Thursday, 7 October 2010

That long and winding road, that leads me back...

We holidayed in Pembrokeshire this September. We always arrive back in Wales no matter how hard we may try to diversify. I finally decided this last visit that it is where my heart truly resides- I feel so refreshed and whole when I am there. Even in Swansea...

Some moments from our trip:

The pebbles at CymTydu, replete with toddler wellie.

Some of the carvings from the yurt. The yurt was handcarved in Mongolia and then shipped over here.

The view from the Yurt over the Preseli hills.

The yurt field at sunset

The farmhouse at dawn.


Yurt interior- it could sleep 4 easily, and had a woodburner. Not so perfect when you have a 2 year old needing constant entertainment, but definitely recommended for grown ups!

The Yurt was on Tir Bach farm, run by a really friendly couple. The facilities are fantastic, both for Yurt-ers and campers (we camped there in 2007). If you want to see a part of the world that has standing stones, dolmans, wild rugged countryside, breathtaking bays and red kites swooping above you as you wind through country lanes and past revivalist chapels... then go to Pembs.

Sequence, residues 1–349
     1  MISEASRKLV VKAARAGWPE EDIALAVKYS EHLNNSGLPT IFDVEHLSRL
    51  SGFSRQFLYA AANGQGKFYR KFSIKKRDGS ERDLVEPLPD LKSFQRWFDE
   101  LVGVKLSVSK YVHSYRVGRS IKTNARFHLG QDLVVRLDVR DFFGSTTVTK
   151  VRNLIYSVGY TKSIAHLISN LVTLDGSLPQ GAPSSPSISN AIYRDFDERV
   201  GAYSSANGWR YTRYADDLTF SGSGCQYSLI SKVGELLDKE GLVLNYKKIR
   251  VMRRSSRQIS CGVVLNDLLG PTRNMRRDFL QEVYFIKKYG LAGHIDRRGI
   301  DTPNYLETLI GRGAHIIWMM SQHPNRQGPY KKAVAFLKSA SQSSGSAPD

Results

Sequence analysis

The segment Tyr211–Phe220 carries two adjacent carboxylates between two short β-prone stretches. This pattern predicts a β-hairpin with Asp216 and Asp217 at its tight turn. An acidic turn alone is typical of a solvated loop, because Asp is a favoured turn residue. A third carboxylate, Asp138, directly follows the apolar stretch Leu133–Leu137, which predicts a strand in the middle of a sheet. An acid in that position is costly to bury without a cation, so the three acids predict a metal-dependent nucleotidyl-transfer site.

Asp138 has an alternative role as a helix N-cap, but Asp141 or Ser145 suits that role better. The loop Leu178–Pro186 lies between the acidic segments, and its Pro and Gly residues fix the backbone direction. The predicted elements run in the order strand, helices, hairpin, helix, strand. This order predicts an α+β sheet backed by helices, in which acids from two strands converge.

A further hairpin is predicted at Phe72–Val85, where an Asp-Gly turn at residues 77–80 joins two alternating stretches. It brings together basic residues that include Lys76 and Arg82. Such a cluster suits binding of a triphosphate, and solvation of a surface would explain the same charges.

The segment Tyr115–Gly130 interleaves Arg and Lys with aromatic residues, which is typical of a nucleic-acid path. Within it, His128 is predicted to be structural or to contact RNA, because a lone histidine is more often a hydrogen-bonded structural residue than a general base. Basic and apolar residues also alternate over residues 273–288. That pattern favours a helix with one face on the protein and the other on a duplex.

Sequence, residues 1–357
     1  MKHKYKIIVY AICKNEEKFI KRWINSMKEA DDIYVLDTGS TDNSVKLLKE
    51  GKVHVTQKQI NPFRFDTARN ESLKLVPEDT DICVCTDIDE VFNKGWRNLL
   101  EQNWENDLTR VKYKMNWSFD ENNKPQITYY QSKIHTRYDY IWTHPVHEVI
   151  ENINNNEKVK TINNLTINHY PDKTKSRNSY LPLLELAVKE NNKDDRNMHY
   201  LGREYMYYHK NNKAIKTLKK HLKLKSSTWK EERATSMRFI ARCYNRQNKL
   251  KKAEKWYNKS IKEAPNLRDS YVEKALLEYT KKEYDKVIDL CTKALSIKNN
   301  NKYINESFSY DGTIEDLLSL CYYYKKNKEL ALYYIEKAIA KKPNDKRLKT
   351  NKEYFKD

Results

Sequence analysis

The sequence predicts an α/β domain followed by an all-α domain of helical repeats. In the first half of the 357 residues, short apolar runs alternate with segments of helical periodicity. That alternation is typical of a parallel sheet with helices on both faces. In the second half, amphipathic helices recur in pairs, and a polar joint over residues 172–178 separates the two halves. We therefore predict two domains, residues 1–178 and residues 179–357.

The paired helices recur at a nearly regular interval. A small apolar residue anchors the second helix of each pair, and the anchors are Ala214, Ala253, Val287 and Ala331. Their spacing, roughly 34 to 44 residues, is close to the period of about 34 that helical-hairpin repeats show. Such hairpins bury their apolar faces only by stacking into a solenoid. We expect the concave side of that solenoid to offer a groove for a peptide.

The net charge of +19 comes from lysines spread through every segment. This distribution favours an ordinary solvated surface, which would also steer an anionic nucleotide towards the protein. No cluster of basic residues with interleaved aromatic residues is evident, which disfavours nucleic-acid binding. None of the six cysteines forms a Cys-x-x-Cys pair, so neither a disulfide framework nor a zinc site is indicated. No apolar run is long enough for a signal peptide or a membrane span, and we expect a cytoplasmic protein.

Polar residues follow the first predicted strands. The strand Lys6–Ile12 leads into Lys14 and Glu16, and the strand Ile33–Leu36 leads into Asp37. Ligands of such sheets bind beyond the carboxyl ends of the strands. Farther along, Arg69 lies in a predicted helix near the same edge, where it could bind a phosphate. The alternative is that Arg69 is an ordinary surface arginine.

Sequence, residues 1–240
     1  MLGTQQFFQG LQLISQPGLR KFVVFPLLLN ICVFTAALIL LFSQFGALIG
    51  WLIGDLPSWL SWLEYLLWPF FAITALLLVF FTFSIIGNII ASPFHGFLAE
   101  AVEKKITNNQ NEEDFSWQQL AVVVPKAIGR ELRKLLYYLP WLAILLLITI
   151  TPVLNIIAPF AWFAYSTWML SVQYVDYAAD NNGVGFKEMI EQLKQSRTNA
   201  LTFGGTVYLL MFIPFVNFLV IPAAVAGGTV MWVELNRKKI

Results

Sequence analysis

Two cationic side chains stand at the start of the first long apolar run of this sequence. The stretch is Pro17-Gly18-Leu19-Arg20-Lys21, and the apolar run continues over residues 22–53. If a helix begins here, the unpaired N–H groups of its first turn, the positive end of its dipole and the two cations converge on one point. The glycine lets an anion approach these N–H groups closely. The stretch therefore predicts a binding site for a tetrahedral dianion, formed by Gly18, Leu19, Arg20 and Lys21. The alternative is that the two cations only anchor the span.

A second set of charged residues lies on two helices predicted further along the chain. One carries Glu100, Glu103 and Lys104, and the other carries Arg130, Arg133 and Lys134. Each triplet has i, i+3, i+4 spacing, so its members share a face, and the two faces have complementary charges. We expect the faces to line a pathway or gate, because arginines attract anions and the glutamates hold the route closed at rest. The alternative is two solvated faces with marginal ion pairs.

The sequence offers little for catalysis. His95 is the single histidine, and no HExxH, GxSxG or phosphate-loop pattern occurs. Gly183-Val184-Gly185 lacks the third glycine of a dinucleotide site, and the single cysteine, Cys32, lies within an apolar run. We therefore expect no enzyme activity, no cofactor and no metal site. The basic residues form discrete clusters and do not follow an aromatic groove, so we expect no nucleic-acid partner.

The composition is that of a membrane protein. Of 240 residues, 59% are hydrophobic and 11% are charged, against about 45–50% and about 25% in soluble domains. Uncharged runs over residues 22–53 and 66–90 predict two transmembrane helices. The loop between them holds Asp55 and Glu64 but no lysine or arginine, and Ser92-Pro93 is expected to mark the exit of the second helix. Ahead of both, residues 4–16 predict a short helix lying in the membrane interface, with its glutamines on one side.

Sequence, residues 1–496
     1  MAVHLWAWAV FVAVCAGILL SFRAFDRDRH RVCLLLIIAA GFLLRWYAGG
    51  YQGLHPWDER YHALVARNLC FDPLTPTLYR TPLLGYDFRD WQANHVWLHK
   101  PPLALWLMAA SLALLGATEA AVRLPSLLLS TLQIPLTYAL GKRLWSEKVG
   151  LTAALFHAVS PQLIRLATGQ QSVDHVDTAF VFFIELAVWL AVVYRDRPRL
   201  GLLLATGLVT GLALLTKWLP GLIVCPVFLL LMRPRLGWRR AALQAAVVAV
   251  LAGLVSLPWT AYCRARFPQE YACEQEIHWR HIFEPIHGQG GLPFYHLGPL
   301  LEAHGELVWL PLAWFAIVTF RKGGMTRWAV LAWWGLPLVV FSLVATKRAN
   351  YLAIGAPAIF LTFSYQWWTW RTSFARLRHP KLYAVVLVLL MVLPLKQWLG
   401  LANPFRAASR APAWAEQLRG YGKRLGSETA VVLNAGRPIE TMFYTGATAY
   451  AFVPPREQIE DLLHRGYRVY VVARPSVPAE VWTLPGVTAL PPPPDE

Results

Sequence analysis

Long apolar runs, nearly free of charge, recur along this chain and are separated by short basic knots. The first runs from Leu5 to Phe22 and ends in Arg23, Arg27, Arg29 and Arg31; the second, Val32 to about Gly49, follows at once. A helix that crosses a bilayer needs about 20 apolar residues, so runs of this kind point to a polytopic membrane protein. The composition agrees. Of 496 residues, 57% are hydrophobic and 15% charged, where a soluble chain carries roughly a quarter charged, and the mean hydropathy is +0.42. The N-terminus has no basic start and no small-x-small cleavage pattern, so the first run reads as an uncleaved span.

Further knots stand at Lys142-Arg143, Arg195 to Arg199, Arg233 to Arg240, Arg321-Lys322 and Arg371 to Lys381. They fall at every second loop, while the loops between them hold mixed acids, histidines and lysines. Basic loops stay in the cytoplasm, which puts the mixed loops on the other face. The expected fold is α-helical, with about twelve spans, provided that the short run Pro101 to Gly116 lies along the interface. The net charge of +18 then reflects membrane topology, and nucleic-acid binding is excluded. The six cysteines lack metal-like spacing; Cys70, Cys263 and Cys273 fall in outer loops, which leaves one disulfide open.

The cheese isn't bad either.

Which leads me swiftly on to the British Cheese Awards. We have long been fans of Caws Cenarth, to the point of deliberately holidaying near to Cenarth so we can buy direct from the dairy, and in one memorable case having a box of cheese couriered from Cenarth to Dudley as the cravings were just too strong. Golden Cenarth was one cheese we have been sampling throughout its evolution into the Great British Cheese Awards Best Welsh Cheese, Best semi-soft cheese and overall Supreme Winner 2010. It is an astonishingly smooth, tart, pongy, gooey, rich cheese that has to be tasted to be believed. It is now being served as part of the cheeseboard at The Ivy.  Along with Perl Wen (their standard washed rind) it is worth a 200 mile round trip to buy (something we have also done). If you ever see it- buy it.